So it;s time to prepare your child to become a high school freshman!! Wait, what. How did that happen? Oh believe me I know all too well how slippery time is. Wasn’t she just literally hopping on the bus for that first day of kindergarten.
Is it possible that kids can grow this fast? How on earth can my older daughter be ready for high school? Well, she isn’t quite yet. But she’s going to be with these 7 Steps to Preparing Your Child to be a High School Freshman.
Okay so just yesterday you walked your son or daughter to the area school and dropped them off for their very first day of kindergarten. Then you went to work or had a coffee and tended to your other kids, or your business and went about your day. You signed a few forms and watched them walk down the street on their own shortly thereafter. Then you drove them to birthday parties and playdates and then their first dance. You took pictures and family vacations and then one morning suddenly you hear them saying “Hey Mom I am filling out my courses for high school,” and you are stupefied. How did this happen? High school? Is she ready? Are you ready?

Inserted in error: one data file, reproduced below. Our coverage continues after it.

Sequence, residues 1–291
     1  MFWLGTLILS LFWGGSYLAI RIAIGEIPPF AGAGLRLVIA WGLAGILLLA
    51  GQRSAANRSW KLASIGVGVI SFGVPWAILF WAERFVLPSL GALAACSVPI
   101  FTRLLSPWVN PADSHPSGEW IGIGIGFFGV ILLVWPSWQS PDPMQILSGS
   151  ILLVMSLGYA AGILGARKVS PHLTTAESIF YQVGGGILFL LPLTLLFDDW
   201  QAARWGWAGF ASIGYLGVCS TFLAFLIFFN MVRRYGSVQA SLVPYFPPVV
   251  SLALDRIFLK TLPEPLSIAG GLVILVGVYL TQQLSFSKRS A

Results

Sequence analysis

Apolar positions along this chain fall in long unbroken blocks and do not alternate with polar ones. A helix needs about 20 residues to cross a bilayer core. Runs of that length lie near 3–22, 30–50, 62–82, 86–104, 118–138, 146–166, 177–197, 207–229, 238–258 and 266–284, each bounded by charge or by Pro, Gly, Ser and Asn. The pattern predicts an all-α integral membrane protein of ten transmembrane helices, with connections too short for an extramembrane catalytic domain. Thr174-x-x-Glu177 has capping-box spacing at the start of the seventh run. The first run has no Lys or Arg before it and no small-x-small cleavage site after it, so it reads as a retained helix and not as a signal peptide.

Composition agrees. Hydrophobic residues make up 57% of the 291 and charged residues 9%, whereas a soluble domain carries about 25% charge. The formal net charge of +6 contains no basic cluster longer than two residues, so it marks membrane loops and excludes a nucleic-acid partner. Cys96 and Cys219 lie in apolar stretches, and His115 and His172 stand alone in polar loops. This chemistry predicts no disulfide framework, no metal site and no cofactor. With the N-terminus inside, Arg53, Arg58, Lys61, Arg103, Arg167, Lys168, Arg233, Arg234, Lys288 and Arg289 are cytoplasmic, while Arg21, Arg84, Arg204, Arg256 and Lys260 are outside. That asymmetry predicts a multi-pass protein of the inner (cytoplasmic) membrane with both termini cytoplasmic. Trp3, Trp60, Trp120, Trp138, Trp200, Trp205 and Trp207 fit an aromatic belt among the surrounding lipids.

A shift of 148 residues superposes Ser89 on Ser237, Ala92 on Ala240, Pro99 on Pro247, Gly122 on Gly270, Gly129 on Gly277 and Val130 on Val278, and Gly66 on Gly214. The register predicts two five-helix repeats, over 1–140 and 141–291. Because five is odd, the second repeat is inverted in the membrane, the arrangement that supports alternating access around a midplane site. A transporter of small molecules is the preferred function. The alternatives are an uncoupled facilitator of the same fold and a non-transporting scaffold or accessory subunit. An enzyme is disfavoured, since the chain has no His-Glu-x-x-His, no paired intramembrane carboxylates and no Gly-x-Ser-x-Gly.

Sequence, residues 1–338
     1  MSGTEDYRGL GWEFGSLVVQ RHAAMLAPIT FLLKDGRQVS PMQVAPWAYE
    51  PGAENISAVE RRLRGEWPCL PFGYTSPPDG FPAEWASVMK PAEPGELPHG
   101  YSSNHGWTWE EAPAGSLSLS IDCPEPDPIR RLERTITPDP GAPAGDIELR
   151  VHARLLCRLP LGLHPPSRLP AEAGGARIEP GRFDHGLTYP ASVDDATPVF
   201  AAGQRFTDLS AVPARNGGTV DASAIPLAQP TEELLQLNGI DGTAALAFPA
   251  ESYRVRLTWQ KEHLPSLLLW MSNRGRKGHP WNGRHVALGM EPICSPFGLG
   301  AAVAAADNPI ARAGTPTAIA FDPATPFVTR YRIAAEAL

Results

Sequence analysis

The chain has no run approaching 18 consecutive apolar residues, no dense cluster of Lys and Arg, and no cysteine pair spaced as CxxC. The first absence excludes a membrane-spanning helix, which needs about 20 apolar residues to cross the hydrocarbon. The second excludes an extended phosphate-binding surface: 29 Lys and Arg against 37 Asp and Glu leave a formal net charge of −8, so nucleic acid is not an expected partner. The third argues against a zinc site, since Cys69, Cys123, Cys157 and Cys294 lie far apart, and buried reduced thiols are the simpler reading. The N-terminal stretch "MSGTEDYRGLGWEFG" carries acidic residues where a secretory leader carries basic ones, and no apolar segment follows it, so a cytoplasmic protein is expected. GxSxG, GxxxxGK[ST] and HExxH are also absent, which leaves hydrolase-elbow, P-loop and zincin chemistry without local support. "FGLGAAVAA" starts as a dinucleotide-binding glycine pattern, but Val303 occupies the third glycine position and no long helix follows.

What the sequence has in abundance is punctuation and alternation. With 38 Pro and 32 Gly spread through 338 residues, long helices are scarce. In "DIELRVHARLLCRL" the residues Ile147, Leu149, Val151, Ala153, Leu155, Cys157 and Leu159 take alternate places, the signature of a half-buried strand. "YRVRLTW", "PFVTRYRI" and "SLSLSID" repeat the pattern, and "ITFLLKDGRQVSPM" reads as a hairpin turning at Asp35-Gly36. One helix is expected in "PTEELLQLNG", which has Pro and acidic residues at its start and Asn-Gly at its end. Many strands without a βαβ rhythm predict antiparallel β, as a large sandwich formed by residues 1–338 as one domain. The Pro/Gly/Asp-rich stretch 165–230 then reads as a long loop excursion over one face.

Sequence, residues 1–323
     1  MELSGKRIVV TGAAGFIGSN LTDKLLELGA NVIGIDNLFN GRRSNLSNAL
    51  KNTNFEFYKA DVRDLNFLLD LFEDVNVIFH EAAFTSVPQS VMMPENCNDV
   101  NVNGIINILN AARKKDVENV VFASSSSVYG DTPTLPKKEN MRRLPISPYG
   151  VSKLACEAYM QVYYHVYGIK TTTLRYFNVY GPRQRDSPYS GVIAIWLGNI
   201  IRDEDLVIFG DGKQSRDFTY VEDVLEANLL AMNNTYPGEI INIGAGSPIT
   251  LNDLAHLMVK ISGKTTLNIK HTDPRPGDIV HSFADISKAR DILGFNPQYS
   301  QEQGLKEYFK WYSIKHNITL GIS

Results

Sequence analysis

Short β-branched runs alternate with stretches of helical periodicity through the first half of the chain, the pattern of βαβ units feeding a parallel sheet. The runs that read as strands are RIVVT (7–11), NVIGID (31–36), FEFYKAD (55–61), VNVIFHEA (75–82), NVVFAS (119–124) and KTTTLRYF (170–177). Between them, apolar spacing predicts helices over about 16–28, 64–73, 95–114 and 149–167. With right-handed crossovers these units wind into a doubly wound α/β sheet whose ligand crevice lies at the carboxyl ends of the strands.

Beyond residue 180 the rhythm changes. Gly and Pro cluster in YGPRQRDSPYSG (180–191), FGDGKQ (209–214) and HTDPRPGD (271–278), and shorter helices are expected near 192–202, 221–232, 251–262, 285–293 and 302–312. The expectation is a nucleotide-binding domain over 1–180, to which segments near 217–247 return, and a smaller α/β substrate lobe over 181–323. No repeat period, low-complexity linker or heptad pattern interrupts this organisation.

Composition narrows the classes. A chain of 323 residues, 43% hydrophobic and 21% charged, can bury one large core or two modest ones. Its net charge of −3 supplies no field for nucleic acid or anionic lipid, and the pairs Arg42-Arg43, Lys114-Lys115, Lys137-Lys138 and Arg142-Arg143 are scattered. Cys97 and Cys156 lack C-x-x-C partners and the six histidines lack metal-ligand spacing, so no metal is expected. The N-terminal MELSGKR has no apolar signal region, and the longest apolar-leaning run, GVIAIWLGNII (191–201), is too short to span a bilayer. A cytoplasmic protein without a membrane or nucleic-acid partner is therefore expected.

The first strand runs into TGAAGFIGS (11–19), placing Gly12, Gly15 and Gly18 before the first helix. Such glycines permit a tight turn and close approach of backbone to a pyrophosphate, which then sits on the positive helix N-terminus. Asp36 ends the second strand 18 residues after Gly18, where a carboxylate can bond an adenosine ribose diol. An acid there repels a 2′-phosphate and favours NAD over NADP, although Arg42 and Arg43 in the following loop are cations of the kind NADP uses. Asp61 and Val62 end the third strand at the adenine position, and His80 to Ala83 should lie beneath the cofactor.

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Preparing Your Child to be a High School Freshman
Transitioning from junior high to high school can be daunting for many kids. In many cases it means going into a bigger school with more classes and more kids. So what can you do to prepare your child for the coming high school freshman year? Let’s talk a bit about that.
[tweetthis]Is your child starting high school this year? You might want to read this…[/tweetthis]
High School Freshman Prep
We all remember being a high school freshman, walking into those doors for the first day of high school. It can be a terrifying proposition. What will the classes be like? Will I make friends? It’s so big! It’s also so new and so exciting! These are all things that probably ran through most of our minds when we first started high school. We can help ease the stress of being a high school freshman on our kids by making sure they’re prepared.